Impact
    Evidence has proven that adolescents “risk behaviors are associated with the behaviors of their close friends” (Jaccard, Blanton & Dodge, 2005). The impact of John’s behavior will be life altering if he continues to surround himself with the gang he has chosen as his new family. Statistics report that four fifths of males in their adolescents do experience minor crimes which result in police contact while in their teenage years (Broderick & Blewitt, 2015). Although this appears to be for minor crimes, John being involved in a robbery and assault is much more than minor. The impact that this will take on his life if he continues will devastate him and his entire family. The problem will be in helping him understand the ramifications of his actions as a juvenile, could result in him receive charges added or even upgrade from a juvenile to an adult.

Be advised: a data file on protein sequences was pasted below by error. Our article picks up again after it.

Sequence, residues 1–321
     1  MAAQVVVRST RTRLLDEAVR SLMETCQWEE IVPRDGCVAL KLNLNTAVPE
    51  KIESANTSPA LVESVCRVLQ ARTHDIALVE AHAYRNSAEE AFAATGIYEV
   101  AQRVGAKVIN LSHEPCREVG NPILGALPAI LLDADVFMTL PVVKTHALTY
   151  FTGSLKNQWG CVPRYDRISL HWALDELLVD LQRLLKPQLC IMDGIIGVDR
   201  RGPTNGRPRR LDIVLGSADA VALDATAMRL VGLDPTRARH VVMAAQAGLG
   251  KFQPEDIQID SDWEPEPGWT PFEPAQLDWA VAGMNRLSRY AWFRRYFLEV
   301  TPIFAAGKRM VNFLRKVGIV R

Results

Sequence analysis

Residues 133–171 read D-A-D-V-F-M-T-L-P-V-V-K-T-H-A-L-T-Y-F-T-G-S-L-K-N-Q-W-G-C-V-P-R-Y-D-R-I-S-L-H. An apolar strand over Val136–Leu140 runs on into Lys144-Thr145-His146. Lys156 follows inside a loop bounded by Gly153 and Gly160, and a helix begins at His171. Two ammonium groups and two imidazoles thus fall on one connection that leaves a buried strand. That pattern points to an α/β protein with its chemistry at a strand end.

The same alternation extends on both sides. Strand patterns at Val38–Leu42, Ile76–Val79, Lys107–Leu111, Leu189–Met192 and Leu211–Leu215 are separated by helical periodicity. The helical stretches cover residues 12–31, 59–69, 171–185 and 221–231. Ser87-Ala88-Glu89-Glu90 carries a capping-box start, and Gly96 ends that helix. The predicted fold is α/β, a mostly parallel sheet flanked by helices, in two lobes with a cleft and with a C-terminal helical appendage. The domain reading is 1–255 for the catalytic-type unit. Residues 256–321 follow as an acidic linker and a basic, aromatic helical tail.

Summary
    Adolescents look to their peers as a source of “support, social comparison, and imitation or identification” in which they are able to relate to (Broderick & Blewitt, 2015). John has clearly chosen the wrong group of friends to attach his self to, and this choice has caused him and his family great devastation. The facts will remain the same unless the necessary steps are chosen in order to assist John with making the right decisions for his life moving forward. Risky behavior is common in adolescents who also help them create a sense of identity, but illegal behaviors involving robbery and assault are beyond risky. The proper guidance and correction will help John make correct decisions and hopefully change his choice of friends and his new-found family.